is an amazing guidebook which gives us a sneak peek at the vast
variety of Indian books available to children at various stages of
their growing up years. It gives details of books like the author,
illustrator, publisher and price. We are happy to note that four
books, “Annual Haircut Day‘, ‘The Monsoon Concert‘, ‘Phani’sFunny Chappal‘ and ‘Handmade in India’, published by Pratham
Books, have made it to ‘101’!
keen on getting their children on the reading wagon, here’s good news
for you. ‘101’ lends you a helping hand by grouping the books based
many of us lead fast-paced lives, with barely enough time to stop and
think, much less sit and read. But there are some others who take to
books and how! Books become their constant companion, guide and
friend. But when is it the right time to shake hands with this
to-be-friend? “It’s never too soon!” says UK based writer,
editor and children’s book consultant, Wendy Cooling.
in her article on books and early childhood points out the
differences between a child who has been around books from a very
early age and a child who encounters a book for the very first time
in school. I have to agree with her when she says that parents
who read to their tiny tots and introduce them to picture books,
actually help in building the child’s power of concentration in
addition to colouring their imagination.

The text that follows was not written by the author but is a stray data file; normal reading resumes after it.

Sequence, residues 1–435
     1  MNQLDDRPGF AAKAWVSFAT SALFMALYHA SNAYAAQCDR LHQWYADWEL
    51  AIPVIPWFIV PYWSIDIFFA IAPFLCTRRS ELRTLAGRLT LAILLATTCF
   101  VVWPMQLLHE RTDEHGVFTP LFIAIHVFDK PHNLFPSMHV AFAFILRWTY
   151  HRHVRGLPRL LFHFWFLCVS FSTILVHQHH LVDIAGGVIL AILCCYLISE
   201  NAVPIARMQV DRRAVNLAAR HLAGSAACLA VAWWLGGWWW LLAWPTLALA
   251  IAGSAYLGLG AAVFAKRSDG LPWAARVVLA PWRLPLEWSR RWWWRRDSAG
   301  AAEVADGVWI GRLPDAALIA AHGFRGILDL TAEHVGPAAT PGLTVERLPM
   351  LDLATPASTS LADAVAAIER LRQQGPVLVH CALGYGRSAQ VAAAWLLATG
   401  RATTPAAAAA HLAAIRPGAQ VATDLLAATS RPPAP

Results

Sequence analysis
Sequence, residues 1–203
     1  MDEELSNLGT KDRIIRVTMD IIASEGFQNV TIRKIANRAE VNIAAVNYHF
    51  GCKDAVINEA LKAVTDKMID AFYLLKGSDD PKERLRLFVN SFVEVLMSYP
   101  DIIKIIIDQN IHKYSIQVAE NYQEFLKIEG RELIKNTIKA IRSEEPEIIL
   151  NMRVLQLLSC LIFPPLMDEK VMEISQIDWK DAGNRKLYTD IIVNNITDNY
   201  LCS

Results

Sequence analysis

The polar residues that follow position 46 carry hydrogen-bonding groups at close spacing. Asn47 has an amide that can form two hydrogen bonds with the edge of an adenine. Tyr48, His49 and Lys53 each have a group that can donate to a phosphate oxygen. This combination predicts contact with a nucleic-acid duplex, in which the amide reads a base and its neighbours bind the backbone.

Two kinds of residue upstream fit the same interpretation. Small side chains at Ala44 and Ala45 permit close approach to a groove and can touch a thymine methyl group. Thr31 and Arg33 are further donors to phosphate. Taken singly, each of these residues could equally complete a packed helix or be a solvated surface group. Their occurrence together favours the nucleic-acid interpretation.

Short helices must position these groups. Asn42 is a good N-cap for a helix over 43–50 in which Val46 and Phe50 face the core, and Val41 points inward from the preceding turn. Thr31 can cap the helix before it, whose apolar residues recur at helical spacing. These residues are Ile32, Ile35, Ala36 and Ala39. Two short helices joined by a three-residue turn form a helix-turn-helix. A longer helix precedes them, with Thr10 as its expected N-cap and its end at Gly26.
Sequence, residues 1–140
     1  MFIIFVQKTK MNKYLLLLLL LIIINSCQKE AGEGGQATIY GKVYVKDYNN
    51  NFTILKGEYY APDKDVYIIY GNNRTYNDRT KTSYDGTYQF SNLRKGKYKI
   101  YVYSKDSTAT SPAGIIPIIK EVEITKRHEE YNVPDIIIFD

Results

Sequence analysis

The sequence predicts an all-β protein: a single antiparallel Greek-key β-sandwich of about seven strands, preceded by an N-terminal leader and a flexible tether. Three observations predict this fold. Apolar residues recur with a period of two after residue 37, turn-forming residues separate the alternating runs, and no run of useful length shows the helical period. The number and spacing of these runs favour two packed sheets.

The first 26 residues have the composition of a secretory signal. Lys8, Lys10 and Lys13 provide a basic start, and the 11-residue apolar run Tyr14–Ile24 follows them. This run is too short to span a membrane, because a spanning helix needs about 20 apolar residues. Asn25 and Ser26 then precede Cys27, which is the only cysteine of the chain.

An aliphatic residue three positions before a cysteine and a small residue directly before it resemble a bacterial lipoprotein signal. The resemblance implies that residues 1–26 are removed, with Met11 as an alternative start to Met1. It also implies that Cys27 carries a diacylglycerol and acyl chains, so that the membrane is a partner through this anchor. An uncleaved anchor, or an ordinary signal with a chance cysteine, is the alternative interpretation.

in agreement with her as, as recently as a few months ago, I used to
tell stories to my two and a half year old cousin at bed time or to
distract her when she got cranky. But now, she has begun to tell me
stories! Her latest was about a BIG croc that ate a sma….ll fish.
And boy, is she hooked to stories now!
do you speak at home?’ ‘English!’ comes the prompt reply from most
kids living in cities today. ‘101’ features an article by
Radhika Menon, publisher and managing editor of Tulika Publishers, in
which she discusses the importance of bilingual books and its impact
on children. According to her, reading in one’s own language is an
enriching experience for kids and reading in another language
is an empowering one. Yay! Nanige Kannada baruthe! (I can speak
treat is that our very own Manisha Chaudhry, Content Head at Pratham
Books, has contributed to the richness of this book. Reading is not
just another brick in the wall, but is “the most basic building
block in education”, says she. She adds a cultural and
historical touch to children’s literature in Hindi. By walking us
back to the past, she unfolds to us the development of Hindi
the peephole ‘101’, we see the colourful world of Indian literature
winking back at us. Literature in various Indian languages has not
only been introduced to us in this book, but we are also presented
with a long list of promising, fun books that are must-reads! By
bringing out the importance of bilingual books and books in other
Indian languages, ‘101’ says, “Onward, forward Indian
Literature!”. This makes it a must-read too!